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Volokh: Case will have ramifications beyond Indiana

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First Amendment scholar and UCLA law professor Eugene Volokh knows a thing or two about blogging and free speech, as namesake of the popular legal blog, The Volokh Conspiracy.

In arguing the First Amendment implications of the case in which Daniel Brewington was convicted of intimidating a judge and other charges, Volokh said the statute under which Brewington was prosecuted wasn’t just unconstitutional as applied to him, but unconstitutional on its face.

After the Indiana Court of Appeals affirmed Brewington’s convictions, Volokh blogged about it on his site and built an unlikely coalition of a dozen amici who asked the court to rule part of Indiana’s intimidation statute unconstitutional.

They point to language in I.C. 35-45-2-1 that defines intimidation as a threat intended to “expose the person threatened to hatred, contempt, disgrace, or ridicule.” The Court of Appeals held that under the statute, the crime “consists of threatening the victim with the intention of placing the victim in fear for a prior lawful act. The truthfulness of the threatened disclosure is not necessarily relevant to prosecution because the harm, placing a victim in fear, occurs whether the publicized conduct is true or false.”

Volokh and others argued that taken a step further, the opinion could be used to potentially prosecute people for political speech or even expressing opinions in letters to the editor or forums such as Angie’s List, for example.

“If the Court of Appeals decision is allowed to stand, it would be a precedent that could be cited in other states,” he said.

Volokh’s argument before the court was presented on behalf of himself and the following amicus joiners: American Civil Liberties Union of Indiana, Eagle Forum, Hoosier State Press Association, Indianapolis Star, Indiana Association of Scholars, Indiana Coalition for Open Government, James Madison Center for Free Speech, NUVO Newsweekly, former IUPUI School of Journalism Dean James W. Brown and IUPUI professors Anthony Fargo and Sheila S. Kennedy.•
 

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  1. It appears the police and prosecutors are allowed to change the rules halfway through the game to suit themselves. I am surprised that the congress has not yet eliminated the right to a trial in cases involving any type of forensic evidence. That would suit their foolish law and order police state views. I say we eliminate the statute of limitations for crimes committed by members of congress and other government employees. Of course they would never do that. They are all corrupt cowards!!!

  2. Poor Judge Brown probably thought that by slavishly serving the godz of the age her violations of 18th century concepts like due process and the rule of law would be overlooked. Mayhaps she was merely a Judge ahead of her time?

  3. in a lawyer discipline case Judge Brown, now removed, was presiding over a hearing about a lawyer accused of the supposedly heinous ethical violation of saying the words "Illegal immigrant." (IN re Barker) http://www.in.gov/judiciary/files/order-discipline-2013-55S00-1008-DI-429.pdf .... I wonder if when we compare the egregious violations of due process by Judge Brown, to her chiding of another lawyer for politically incorrectness, if there are any conclusions to be drawn about what kind of person, what kind of judge, what kind of apparatchik, is busy implementing the agenda of political correctness and making off-limits legit advocacy about an adverse party in a suit whose illegal alien status is relevant? I am just asking the question, the reader can make own conclsuion. Oh wait-- did I use the wrong adjective-- let me rephrase that, um undocumented alien?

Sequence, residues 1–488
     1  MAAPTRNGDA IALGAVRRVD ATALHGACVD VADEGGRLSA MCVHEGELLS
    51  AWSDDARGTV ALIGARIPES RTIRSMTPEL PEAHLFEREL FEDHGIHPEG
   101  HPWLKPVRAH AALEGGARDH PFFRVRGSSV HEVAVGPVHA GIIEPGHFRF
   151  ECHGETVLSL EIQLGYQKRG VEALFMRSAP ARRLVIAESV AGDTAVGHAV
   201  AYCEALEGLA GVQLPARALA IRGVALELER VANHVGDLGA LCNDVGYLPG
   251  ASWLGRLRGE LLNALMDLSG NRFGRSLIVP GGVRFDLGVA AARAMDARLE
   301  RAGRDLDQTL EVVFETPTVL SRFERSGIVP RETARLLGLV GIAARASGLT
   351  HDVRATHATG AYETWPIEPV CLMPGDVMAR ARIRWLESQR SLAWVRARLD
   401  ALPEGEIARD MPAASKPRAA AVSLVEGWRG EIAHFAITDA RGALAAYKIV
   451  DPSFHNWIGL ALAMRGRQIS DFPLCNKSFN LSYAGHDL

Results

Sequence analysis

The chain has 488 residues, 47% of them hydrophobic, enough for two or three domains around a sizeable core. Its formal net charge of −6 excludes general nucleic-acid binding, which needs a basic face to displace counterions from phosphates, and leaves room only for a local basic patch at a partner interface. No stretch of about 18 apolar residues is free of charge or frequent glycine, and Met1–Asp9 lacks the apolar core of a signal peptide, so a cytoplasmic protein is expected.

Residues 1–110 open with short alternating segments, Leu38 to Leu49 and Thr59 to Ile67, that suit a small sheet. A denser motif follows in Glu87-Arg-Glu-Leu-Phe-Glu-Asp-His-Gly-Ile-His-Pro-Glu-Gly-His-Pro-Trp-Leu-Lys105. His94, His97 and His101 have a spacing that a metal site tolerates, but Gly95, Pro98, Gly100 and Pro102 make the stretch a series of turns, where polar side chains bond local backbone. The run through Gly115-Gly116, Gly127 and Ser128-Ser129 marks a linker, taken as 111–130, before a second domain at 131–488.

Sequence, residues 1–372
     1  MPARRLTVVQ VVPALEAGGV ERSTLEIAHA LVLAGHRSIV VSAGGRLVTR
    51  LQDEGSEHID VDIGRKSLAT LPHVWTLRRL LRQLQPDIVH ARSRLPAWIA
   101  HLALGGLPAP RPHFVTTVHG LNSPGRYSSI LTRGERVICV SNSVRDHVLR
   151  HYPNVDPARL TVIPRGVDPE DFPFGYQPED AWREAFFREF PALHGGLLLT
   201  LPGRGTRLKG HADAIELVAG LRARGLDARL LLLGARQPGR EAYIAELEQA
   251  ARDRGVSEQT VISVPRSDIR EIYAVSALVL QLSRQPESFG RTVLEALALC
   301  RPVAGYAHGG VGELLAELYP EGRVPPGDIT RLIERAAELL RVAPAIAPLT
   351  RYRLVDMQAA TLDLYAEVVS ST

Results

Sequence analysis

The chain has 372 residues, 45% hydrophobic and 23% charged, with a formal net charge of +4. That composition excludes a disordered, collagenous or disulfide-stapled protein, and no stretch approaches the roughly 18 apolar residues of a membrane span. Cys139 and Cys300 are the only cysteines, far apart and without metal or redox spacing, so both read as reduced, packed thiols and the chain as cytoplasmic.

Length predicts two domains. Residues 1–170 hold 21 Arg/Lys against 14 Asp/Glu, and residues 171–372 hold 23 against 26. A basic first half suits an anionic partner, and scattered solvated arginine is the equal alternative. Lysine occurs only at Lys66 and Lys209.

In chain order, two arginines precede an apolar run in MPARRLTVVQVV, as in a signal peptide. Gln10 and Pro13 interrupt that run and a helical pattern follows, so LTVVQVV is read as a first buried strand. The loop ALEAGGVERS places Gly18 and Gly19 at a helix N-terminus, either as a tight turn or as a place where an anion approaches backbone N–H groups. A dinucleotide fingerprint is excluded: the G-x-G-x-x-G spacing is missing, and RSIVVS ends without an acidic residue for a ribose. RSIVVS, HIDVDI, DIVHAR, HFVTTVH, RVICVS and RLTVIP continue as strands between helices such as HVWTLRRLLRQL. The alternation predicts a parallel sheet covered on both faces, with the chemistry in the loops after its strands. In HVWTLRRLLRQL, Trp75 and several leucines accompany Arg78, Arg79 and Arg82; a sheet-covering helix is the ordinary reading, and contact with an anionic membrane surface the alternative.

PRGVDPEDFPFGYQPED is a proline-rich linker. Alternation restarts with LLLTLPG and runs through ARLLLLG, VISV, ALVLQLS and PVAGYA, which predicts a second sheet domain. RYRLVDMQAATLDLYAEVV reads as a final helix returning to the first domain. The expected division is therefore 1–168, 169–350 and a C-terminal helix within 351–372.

4. of course the bigger questions of whether or not the people want to pay for ANY bussing is off limits, due to the Supreme Court protecting the people from DEMOCRACY. Several decades hence from desegregation and bussing plans and we STILL need to be taking all this taxpayer money to combat mostly-imagined "discrimination" in the most obviously failed social program of the postwar period.

  5. You can put your photos anywhere you like... When someone steals it they know it doesn't belong to them. And, a man getting a divorce is automatically not a nice guy...? That's ridiculous. Since when is need of money a conflict of interest? That would mean that no one should have a job unless they are already financially solvent without a job... A photographer is also under no obligation to use a watermark (again, people know when a photo doesn't belong to them) or provide contact information. Hey, he didn't make it easy for me to pay him so I'll just take it! Well heck, might as well walk out of the grocery store with a cart full of food because the lines are too long and you don't find that convenient. "Only in Indiana." Oh, now you're passing judgement on an entire state... What state do you live in? I need to characterize everyone in your state as ignorant and opinionated. And the final bit of ignorance; assuming a photo anyone would want is lucky and then how much does your camera have to cost to make it a good photo, in your obviously relevant opinion?

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